There are First Nations-Municipal Community Economic Development Initiatives (CEDI), than there is the relationship which has been formed between Paqtnkek First Nation and the Municipality of the County of Antigonish over the past three years. A strengthening relationship/partnership which was officially embraced last year, with the signing of a Friendship Accord, and one that was celebrated and discussed during the First Nation-Municipal Regional Economic Development Forum, held in Paqtnkek May 14.
The forum, titled Anku’kamkewey – Stronger Together, included presentations on indigenous economic performance in Atlantic Canada; best practices, supports and resources for joint economic development and one titled ‘moving from opportunity to action.’ It was hosted by Paqtnkek, Antigonish County, Cando and the Federation of Canadian Municipalities, emceed by Trevor Bernard and Molly Peters from Paqtnkek and featured inspirational and reflective prayers from Mi’kmaw elder Kerry Proper.
County Warden Owen McCarron noted how hosting the forum, a first of its kind, signifies the special bond the communities have built.
“When I look at the culmination of three years and the Friendship Accord signing of a year ago in Welnek, to conclude our official part with the CEDI process with a regional development forum, one never held before with any of the CEDI initiatives across the country, that signals how this relationship between Paqtnkek and Antigonish County is a bit different and, I would say, a bit more special,” McCarron said, as the day-long forum had come to a close at the Paqtnkek Gymnasium.
“It gives us a lot of hope as we go forward to continue to look at ways to jointly do things, and work on economic development for every aspect of our communities.”
Paqtnkek Chief Paul ‘PJ’ Prosper talked about the “collaboration.”
“Right from this whole initiative starting three years back, through the signing back in May of last year, through to today, it has been a wonderful journey,” Prosper said.
“It certainly has been collaboration between our community and the municipality and it is nice to see a forum like this take place, with the participation and people from all around.”
The two community leaders were asked about the relationship forming a model for others to follow, and the forum providing a platform to explore the model.
“I think that is the intent and underlying rationale to why we wanted to have an event like this,” Prosper said. “To invite both First Nations – Mi’kmaw, and municipal partners to take in this event, share our story on how we’ve come together and progressed, over the last three years.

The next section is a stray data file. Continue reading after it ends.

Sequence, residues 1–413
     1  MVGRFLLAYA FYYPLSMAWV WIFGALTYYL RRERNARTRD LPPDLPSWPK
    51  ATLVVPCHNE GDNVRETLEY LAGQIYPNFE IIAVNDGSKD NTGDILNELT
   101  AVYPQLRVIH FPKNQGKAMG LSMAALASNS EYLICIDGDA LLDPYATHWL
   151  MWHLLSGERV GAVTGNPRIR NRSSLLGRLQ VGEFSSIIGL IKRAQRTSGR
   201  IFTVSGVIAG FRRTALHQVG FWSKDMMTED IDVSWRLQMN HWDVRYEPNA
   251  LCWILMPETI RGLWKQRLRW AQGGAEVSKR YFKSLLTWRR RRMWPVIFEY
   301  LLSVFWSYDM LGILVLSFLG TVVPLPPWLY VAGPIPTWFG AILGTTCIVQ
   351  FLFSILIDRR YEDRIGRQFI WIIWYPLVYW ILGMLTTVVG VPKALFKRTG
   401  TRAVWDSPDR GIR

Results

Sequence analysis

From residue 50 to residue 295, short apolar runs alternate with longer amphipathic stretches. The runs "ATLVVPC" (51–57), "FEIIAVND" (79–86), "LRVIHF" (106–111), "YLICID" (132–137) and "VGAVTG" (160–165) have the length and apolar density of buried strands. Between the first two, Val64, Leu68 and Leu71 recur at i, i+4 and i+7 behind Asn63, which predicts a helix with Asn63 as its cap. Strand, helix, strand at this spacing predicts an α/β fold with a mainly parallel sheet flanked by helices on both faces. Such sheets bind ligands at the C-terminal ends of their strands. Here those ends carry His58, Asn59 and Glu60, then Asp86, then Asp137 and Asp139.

“Certainly what we’ve learned is something for them to consider and, maybe, take what they want from it; and try to break down those barriers with respect to Mi’kmaw communities which are within local municipal areas. Engage and build relationships … it’s all about building relationships and working towards initiatives which are to the benefit of all our future generations.”
McCarron said if they had a similar model to follow three years ago, that would have been great.
“The hope is other municipal units and First Nation communities will get together, see the benefits and see the positive energy which has emanated from this relationship, and it will help them build a better community where they live,” he said.
“That’s our hope going forward and we certainly want to share the successes we’ve had going forward and, I think, this forum today, in some small part, will do that.”
The chief and warden were asked about the maintaining the relationship in light of those who helped build it – including themselves – moving on eventually.
“From our side, seeing resolutions adopted by councils taking this type of initiative to a new level, that helps make it go beyond our current term or staffing model,” McCarron said.
“That’s the idea; when you have resolutions, adopted by councils, it helps make it go forward. So it’s not about the person or people currently there, there are processes in place to carry this well into the future.”
Prosper punctuated the thought.
“Like we heard others speak about a legacy binder, and Warden McCarron talk about resolutions, which we both have from our respective councils, it lays that foundation not only in terms of today but into the future,” Prosper said.
“I think it leaves a legacy for our future generations and even though we may not be in our respective positions – either elected or staff – there is a history here; a number of initiatives people can look at and follow through on, for the betterment of generations to come.”